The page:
The why, the what and the how of simulation based education: Preparing for the future

N. Harrison, L. Owen, S. Somerville, K. Stirling, J. Ker (Lead / Corresponding author)

Research output: Chapter in Book/Report/Conference proceedingChapter


The use of simulation, throughout the continuum of professional development for health and social care is essential if we are to achieve the WHO millennium goals and consistently deliver high quality care to the peoples of the world. As an educational technique, simulation is not new and dates back to the 11th century. Since these early days, simulation has evolved alongside the advances made in our wider understanding of education. The adoption and development of simulation continues to intensify, driven by advances in technology, lessons learnt from other high reliability organisations and an increasing recognition of the importance of quality improvement and patient safety. It now plays a pivotal role in our undergraduate and postgraduate healthcare education. This chapter considers 'The Why?', 'The What?' and 'The How?' of simulation, simple yet complex questions which will highlight both the opportunities and challenges of simulation based education and its role in the future of the education of health and social care practitioners for quality healthcare. It provides educators with a theoretical and practical basis from which to successfully utilise simulation as a powerful education tool, embedded into a curriculum to augment learning from clinical experience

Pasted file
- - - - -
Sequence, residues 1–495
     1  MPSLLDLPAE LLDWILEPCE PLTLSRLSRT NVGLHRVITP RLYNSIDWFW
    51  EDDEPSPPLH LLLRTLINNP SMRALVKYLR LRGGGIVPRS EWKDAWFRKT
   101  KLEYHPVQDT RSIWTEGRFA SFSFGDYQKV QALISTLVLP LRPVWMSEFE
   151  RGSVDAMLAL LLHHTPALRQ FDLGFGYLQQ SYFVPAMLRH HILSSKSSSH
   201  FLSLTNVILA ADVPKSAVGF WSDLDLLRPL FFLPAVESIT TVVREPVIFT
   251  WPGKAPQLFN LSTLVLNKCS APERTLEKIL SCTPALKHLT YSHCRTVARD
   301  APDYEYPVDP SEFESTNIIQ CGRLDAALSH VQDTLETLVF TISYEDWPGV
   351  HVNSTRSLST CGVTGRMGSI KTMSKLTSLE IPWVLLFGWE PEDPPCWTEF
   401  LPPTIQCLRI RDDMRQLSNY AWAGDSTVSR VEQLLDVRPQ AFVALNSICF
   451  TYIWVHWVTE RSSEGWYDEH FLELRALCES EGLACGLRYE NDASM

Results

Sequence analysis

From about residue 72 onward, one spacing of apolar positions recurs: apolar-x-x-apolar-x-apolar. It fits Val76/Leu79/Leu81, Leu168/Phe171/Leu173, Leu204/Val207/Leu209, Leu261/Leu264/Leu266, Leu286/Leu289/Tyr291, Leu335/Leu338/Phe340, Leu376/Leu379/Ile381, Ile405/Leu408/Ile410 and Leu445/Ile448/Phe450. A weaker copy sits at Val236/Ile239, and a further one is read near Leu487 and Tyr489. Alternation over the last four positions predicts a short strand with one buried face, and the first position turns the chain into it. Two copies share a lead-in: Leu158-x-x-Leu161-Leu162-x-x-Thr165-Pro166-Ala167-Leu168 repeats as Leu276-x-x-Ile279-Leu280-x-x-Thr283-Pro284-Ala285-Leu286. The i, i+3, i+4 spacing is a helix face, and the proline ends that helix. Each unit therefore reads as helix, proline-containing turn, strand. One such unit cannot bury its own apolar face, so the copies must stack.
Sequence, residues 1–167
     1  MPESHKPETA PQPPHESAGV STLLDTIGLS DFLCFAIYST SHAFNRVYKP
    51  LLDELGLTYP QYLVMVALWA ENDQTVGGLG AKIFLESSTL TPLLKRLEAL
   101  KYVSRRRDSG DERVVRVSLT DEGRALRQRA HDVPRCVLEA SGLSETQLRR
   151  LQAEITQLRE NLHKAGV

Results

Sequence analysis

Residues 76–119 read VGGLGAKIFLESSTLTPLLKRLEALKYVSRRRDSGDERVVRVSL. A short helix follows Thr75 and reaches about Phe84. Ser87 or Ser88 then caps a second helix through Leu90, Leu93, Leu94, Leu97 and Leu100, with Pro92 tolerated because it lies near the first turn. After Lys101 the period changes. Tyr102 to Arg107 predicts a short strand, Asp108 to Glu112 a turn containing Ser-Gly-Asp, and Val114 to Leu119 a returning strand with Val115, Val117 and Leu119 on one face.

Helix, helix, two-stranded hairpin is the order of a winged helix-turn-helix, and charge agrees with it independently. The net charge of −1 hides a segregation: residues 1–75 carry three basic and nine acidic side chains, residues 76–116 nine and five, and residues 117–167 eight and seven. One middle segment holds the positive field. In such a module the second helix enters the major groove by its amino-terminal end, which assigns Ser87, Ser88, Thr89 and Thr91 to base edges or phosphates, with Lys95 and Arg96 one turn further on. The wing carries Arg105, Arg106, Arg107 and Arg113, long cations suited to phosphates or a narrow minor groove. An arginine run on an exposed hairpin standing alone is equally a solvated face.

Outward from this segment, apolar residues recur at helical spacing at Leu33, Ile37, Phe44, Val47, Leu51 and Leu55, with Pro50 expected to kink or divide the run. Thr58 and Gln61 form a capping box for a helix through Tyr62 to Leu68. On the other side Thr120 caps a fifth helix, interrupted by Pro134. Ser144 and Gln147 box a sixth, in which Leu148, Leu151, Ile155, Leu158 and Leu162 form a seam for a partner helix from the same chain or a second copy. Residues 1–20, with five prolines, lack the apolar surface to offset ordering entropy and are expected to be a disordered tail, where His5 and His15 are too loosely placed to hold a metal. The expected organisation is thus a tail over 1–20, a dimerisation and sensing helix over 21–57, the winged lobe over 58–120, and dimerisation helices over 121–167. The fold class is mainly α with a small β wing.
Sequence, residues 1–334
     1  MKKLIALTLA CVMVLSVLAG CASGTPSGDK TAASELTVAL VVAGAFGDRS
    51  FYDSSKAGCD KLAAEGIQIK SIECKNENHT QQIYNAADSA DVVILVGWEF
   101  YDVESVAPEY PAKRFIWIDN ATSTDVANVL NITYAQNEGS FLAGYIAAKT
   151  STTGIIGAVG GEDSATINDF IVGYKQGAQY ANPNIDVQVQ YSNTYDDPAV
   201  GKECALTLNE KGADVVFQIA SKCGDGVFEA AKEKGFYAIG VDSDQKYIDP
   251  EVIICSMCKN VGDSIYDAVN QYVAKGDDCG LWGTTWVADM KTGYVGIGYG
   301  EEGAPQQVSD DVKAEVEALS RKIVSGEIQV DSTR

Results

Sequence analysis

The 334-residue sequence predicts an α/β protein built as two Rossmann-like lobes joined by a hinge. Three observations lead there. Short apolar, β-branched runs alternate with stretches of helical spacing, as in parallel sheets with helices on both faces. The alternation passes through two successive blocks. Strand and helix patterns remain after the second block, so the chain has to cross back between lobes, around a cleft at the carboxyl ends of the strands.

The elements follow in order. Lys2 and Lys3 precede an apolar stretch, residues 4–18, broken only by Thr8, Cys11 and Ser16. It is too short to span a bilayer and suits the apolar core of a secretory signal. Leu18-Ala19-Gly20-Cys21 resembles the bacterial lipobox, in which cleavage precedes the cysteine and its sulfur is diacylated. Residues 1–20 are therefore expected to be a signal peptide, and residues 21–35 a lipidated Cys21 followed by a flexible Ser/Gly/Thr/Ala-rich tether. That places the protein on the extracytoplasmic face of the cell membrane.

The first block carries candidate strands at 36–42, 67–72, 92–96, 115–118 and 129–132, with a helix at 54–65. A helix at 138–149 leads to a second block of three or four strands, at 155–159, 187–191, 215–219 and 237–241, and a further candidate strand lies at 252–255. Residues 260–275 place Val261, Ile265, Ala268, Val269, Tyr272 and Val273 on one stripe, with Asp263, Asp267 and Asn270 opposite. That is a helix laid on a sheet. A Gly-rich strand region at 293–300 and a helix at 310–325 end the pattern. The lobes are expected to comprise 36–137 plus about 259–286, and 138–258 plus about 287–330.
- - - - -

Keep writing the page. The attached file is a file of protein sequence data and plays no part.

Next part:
Original languageEnglish
Title of host publicationHealth and Disease: Curriculum for the 21st Century Medical Students
PublisherNova Science Publishers
Number of pages34
ISBN (Print)9781634630825, 9781634630528
Publication statusPublished - 1 Oct 2014

ASJC Scopus subject areas

  • General Medicine


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